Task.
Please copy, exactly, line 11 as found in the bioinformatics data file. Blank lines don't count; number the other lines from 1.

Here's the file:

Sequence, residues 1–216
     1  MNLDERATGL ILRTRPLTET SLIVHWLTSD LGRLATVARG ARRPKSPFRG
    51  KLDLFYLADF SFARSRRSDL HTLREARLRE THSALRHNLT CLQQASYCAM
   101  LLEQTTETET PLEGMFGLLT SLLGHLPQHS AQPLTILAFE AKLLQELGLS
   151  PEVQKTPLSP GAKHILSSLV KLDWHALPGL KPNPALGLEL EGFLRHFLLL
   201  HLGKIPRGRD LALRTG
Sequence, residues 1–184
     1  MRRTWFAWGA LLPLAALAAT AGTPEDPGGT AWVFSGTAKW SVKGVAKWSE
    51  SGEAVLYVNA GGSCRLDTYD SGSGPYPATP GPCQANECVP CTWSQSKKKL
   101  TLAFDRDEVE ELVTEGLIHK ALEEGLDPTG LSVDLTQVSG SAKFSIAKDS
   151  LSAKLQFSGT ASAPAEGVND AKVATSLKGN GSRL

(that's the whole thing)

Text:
   151  LSAKLQFSGT ASAPAEGVND AKVATSLKGN GSRL